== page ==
The men and women of the Church who are careerists and social climbers, who "use" people, the Church, their brothers and sisters - whom they should be serving - as a springboard for their own personal interests and ambitions... are doing great harm to the Church.[15]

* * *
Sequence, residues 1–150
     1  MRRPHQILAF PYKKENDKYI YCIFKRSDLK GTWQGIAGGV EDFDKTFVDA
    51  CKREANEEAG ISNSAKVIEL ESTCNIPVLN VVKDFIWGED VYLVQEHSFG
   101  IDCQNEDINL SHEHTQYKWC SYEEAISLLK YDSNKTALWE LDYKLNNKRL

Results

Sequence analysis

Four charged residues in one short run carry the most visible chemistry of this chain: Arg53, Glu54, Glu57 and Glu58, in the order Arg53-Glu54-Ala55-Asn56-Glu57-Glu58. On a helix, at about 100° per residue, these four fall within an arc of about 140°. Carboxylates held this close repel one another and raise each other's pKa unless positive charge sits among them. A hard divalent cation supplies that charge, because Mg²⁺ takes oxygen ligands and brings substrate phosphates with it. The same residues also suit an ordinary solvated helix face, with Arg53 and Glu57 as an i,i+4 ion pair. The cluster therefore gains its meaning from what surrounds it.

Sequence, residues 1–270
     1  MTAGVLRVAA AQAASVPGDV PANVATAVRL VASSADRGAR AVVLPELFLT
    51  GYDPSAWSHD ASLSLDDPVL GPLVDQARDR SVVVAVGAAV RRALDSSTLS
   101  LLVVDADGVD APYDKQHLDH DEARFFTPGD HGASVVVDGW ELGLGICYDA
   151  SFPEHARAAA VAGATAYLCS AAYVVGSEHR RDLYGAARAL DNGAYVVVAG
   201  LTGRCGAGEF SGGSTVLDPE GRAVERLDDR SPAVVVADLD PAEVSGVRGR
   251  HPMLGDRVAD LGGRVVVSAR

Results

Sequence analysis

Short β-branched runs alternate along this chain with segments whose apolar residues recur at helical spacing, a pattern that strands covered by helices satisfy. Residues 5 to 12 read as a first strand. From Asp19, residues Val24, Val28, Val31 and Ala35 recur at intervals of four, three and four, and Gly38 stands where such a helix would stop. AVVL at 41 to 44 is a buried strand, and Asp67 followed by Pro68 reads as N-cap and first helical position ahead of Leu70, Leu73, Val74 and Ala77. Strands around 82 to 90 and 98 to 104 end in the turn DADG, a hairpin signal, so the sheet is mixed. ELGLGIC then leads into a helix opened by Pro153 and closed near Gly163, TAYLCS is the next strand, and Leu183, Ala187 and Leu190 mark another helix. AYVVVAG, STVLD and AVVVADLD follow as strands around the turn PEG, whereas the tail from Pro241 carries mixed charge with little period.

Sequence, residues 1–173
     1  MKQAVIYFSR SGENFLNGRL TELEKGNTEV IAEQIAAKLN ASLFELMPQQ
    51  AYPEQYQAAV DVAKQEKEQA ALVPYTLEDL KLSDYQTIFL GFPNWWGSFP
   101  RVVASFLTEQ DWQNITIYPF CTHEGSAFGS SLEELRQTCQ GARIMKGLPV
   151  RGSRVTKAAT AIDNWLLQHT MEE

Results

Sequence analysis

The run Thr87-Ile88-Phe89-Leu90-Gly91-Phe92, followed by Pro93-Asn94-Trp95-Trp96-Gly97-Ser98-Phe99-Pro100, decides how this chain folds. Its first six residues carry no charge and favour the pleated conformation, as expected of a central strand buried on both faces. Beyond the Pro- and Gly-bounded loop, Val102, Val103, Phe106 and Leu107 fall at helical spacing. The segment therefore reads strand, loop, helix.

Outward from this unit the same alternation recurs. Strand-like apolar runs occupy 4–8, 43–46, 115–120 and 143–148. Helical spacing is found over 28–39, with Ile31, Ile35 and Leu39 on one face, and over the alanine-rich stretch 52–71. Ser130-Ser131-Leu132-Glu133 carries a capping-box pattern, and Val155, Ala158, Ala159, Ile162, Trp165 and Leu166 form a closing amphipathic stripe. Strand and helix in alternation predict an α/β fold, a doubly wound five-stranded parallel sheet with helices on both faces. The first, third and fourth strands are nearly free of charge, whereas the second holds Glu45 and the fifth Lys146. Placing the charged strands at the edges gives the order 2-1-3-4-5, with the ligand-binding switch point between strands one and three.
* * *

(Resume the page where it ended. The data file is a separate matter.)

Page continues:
Goodness gracious. Concerning Canada, could His Holiness, perchance, be making reference to that gallery of anonymous "this world"-obsessed criminals employed at the CCCB? To the pewsitter-robbing-entitlement-minded Marxists at Development and Peace? To the Executive Director at Citizens for Public Justice, who uses his CCCB connections and "Journey to Justice" column at the Western Catholic Reporter to politicize the Faith, to kindle class warfare with Fred Flintstone economic bromides, and to promote worship of the Rain Forests, including - oh dear me! - the sanctification of those cute and cuddly climate-sensitive polar bears perambulating atop a precarious cryosphere? To the Publishing Director and his gang of aging subversives at Novalis Publishers, who happily draw on $250,000 smackers per annum of taxpayer-supplied funds to publish and distribute a wide assortment of heretical horseshit? To the "yes men" at the Salt+Light Media Foundation, subserviently toiling under the all-seeing Eye of Rosica Sauron? To the "media strategist" at the Catholic Register, who likes to use his Catholic-lite, faux-orthodox columns to peddle his magazine and those illustriou$ expert$ at his "think tank", errr, company (i.e. "Cardus Media Services" Inc., bishop certified)? To the "Communications Director" at the Toronto Archdiocese, who lately was complicit with a notorious anti-Catholic newspaper in castigating a priest faithful to the Church's teaching on morality? Or to our dear lady who believes, in the true sense of an insurgent, that because she's a "theologian", into book learnin n'stuff, makes her qualified, with whatever pet theory concocted, to countermand 2000 years of Magisterial teaching? Because doctrine "is but a partial expression of the faith of the church". The "lived faith of the Church" is prioritized "over its doctrinal formulations".[16] Goethe extolled this garbage long ago: "In the beginning was the Deed". This, in direct conflict with the Johannine Gospel: "In the beginning was the Word". "Lived faith", as in action, behaviour, Becoming (man-focussed, immanent). Not doctrine, as in principle, truth, Being (outside the self, transcendent). I've always hated Faust.